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Have you heard the one about the photographer, the musician and the Knight of the Realm?
They may be an unlikely trio, but what they’ve come up with is no joke.
And while their business, Arrowtown Brewing Ltd, is in its fledgling stages, photographer Michael Thomas, The Exponents bass player Dave Gent and Navman founder and businessman Sir Peter Maire have plans for world domination — starting with Arrowtown and expanding "a mile at a time".
The company was founded last year by Mr Thomas, Mr Gent and the late Tim Hemingway, who owned Arrow Private Hotel.
Like most good ideas, it was dreamed up over a couple of pints at their local pub, Arrowtown’s Fork’n Tap.
Mr Thomas said Mr Gent — "people might remember him from the ’60s" — had just returned from a trip to the United States and was talking about how big the craft beer scene was there.A couple of beers later the three friends decided to give it a whirl themselves.
"We started to get organised and we got a recipe for the first one and were just about to get that started and then Tim fell ill," Mr Thomas said.
"Basically, within three months he had died."
Mr Hemingway, who was diagnosed with cancer, died on June 30, the day after their first beer — Arrowtown Brewing Pale Ale — went on tap at the Fork’n Tap.
The initials "T.H." were immediately put on the top of the beer tap label.
Mr Thomas said that beer was made from a recipe dreamed up by Dan Coxhead, who manages the Fork’n Tap, and since then they had worked with Jim Holly, from Christchurch, to produce the Sawpit Pilsner and Macetown Gold Lager.
Recently, Arrowtown Brewing Ltd has added Sir Peter as its third equal partner — a business deal, fittingly, done at the pub where the company was founded.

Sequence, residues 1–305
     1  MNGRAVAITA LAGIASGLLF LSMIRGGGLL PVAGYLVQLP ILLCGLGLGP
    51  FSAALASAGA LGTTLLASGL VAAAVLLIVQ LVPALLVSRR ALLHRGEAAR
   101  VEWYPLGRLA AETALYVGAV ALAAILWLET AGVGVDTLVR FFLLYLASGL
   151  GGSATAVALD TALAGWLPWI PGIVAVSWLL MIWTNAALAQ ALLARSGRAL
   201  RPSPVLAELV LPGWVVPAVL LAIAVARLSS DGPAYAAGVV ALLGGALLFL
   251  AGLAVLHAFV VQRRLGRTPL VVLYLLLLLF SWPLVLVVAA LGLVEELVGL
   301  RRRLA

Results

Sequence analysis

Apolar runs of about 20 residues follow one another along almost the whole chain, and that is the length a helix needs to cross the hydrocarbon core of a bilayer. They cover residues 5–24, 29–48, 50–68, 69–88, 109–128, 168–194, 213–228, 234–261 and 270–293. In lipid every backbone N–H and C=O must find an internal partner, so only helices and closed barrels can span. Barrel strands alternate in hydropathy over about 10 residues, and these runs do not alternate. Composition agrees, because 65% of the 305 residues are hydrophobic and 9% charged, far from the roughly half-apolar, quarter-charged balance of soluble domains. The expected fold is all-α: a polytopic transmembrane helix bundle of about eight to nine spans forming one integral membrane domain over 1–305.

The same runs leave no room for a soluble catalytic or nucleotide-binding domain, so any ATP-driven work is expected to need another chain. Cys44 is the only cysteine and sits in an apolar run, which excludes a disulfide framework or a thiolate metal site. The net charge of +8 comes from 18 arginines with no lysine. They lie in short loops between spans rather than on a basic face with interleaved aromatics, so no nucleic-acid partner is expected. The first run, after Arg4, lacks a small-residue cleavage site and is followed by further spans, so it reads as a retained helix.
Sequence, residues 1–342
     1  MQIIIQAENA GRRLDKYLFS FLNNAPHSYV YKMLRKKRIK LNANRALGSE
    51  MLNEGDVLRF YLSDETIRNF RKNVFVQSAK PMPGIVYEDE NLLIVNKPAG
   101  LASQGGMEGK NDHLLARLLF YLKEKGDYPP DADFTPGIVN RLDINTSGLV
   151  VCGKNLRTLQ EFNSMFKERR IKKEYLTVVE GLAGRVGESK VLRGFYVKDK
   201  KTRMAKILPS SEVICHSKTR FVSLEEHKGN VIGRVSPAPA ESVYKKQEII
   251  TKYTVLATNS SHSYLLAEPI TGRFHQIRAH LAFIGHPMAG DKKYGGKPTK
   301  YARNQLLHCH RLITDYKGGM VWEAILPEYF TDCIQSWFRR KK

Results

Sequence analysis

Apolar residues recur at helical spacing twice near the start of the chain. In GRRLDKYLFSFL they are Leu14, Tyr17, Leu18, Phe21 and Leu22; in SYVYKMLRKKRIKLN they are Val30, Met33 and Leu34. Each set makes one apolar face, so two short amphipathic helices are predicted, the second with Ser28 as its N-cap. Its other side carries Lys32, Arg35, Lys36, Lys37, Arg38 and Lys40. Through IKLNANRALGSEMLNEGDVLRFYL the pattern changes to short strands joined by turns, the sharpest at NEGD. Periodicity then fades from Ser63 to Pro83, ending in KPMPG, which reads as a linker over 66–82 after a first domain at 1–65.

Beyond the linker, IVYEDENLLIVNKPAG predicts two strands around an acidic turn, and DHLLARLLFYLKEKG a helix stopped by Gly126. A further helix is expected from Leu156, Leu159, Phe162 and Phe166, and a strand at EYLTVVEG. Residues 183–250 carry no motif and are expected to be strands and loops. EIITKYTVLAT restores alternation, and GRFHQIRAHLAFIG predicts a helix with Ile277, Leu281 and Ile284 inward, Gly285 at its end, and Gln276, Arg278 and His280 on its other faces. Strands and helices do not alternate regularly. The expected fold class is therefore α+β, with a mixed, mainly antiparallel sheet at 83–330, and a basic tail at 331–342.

"I think we may have stumbled into genius," Mr Thomas said.
"The thing is, anybody that’s employed or who has worked for us, it’s always somebody who’s come within two metres of our table at the Fork’n Tap and, luckily, on a given day Sir Peter was within two metres of our employment station, and he liked what we were doing.
"We had lots of chats about it, just in a general way, [and] a few weeks later he was keen to come in.
"Obviously, he’s been on quite a few major boards in New Zealand and he’s going to have to get used to the downgraded boardroom, which is basically a table in the corner of the Fork’n Tap in Arrowtown.
"He’s into it, he’s really, really keen and he’s got the same thing as us — we just want to have fun, and have fun doing it."
The trio will launch the company’s latest offering — available for one day only — at tomorrow’s Pie, Pint & Pinot event, held as part of the Arrowtown Autumn Festival.
There will be just 100 glasses of the 4.2% OTT Glacial beer, made from water sourced from a remote glacial lake in Fiordland, available for sale.
Mr Thomas said the idea for the Alt, a German-style beer, started when he and Mr Gent were talking about doing "something different".
Mr Gent was friends with Over the Top helicopters owner and chief pilot Louisa "Choppy" Patterson and asked if she could help.
"She brought us 60 litres [of water] in plastic containers from a glacial lake in Fiordland," Mr Thomas said.
The water was then delivered to Lake & Wood Brew Co brewer Jay Sherwood, of Arrowtown, who turned it into the final product while he and Mr Gent "obviously helped with the tasting".
"It’s a great beer ... It’s got almost no aftertaste.
"We’re absolutely stoked with it [but] at the moment it’ll only be at the Pie, Pint and Pinot.
"We only made a very small batch of it because it must be the most expensive beer ever made.
"The water is not only pristine glacial water, it’s also had the luxury travel ... It’s come first class from Fiordland to the brewery."
Mr Thomas said they planned to make it again at some point, but given the cost associated with it, "it can’t be a money-maker".
At present the trio’s brews are available in three Arrowtown restaurants and they have plans to enter the Queenstown market.
"We were just in Dunedin this weekend. We went and looked at a few breweries and we’re really just at the point of ‘where do we go next and what we do with it?’
"The great thing about that craft beer industry, whoever you deal with ... everybody is so into it and just so willing to help."
In time they hope to establish a brewery in Arrowtown, given everything else about the beer — including the artwork and logos — is proudly local.
And Mr Thomas is confident Mr Hemingway would be "super happy" with what his friends have done.
"I think he’d be laughing ... We just continued it in the way we all set it up, which was, really, let’s just have a good time and enjoy it."